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Publication numberUS6669490 B1
Publication typeGrant
Application numberUS 10/315,298
Publication dateDec 30, 2003
Filing dateDec 10, 2002
Priority dateDec 10, 2002
Fee statusPaid
Also published asCN1514516A, CN100342590C
Publication number10315298, 315298, US 6669490 B1, US 6669490B1, US-B1-6669490, US6669490 B1, US6669490B1
InventorsStephen D. DelPrete, Peter D. Wapenski
Original AssigneeTyco Electronics Corporation
Export CitationBiBTeX, EndNote, RefMan
External Links: USPTO, USPTO Assignment, Espacenet
Conductive elastomeric contact system with anti-overstress columns
US 6669490 B1
Abstract
A connector for board-to-board and board to device interconnect applications includes a plurality of conductive elastomeric columnar contacts surrounded by respective insulative support columns. The elastomeric columnar contacts extend through holes in an insulative subtrate. The insulative support columns have opposing end surfaces disposed on opposite sides of a substrate and end surfaces of the columnar contacts are located at a distance from the substrate slightly greater than the distance between the substrate and the support column end surfaces. Insulative intermediate columns serve a mechanical stops that resist further compression of the elastomeric contacts and the support columns when the connector is subjected to excessive axial compressive forces. The intermediate columns have opposing end surfaces on opposing sides of the substrate that are spaced from the substrate a distance less than the support column end surfaces.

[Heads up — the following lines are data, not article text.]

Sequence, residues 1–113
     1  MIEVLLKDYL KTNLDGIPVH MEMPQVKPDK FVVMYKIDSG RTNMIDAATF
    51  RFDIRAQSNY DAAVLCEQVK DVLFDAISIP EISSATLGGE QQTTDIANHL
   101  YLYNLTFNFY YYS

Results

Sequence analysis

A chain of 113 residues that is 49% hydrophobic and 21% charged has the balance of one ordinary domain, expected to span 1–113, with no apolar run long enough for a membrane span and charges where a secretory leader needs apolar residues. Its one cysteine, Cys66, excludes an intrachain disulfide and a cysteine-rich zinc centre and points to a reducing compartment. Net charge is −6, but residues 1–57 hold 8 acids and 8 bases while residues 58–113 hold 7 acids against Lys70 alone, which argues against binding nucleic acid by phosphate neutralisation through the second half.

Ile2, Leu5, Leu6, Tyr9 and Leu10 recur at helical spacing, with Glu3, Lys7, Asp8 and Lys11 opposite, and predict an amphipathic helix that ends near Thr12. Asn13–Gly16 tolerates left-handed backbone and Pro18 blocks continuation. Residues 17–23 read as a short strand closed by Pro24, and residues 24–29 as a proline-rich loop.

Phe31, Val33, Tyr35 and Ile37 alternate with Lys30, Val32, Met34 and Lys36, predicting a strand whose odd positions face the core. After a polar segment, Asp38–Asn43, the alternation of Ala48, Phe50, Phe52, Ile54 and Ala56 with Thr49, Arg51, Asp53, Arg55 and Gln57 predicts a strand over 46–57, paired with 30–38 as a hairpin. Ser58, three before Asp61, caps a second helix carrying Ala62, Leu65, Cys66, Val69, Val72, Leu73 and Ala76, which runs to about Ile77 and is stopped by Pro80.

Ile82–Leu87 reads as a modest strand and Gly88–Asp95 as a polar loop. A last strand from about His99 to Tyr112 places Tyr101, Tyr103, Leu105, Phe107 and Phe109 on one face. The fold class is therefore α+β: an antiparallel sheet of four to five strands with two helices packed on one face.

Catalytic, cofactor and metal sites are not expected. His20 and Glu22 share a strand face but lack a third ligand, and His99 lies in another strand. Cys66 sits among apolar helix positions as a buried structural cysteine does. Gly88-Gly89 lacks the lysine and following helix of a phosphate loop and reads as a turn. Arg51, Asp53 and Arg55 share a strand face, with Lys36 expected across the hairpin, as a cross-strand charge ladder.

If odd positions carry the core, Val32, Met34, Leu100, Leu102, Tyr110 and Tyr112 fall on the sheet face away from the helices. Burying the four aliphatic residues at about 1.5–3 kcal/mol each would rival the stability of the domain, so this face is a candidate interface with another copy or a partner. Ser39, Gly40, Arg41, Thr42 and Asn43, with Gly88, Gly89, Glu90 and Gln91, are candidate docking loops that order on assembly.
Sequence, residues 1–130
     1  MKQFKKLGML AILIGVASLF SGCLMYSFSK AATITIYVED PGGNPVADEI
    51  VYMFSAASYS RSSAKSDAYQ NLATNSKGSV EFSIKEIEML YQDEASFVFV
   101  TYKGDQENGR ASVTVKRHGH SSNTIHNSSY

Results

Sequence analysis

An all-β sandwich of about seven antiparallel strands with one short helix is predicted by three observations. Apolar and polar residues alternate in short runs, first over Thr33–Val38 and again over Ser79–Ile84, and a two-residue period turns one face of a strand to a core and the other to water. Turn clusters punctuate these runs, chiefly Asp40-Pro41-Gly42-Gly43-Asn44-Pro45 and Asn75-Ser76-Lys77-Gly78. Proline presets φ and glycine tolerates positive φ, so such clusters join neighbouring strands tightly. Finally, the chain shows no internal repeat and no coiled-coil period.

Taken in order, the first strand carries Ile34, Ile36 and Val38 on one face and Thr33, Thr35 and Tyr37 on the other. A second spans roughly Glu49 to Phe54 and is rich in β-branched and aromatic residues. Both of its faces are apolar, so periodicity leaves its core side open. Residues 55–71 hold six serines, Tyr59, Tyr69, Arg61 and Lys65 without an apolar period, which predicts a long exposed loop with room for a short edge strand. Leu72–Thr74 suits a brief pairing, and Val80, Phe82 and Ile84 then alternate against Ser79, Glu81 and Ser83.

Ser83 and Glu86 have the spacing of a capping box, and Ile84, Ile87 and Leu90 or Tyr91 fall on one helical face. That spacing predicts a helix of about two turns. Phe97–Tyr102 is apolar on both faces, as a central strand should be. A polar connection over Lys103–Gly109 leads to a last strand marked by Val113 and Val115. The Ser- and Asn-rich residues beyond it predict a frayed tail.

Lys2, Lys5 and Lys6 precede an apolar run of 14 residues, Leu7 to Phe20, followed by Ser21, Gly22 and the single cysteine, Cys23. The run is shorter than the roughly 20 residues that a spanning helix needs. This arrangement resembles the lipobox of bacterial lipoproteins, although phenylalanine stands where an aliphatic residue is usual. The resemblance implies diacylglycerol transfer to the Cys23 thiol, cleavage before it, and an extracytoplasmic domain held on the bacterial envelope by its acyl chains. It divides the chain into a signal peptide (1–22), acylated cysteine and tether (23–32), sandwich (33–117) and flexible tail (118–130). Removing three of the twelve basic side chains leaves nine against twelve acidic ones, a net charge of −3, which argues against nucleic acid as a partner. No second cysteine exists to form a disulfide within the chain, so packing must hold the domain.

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Claims(13)
What is claimed is:
1. An electrical connector for conductively coupling electrical contacts on a printed circuit board to electrical contacts on a device, said connector comprising:
an insulating member made of a first material having respective opposite sides and having first and second pluralities of holes therethrough arranged in first and second array patterns;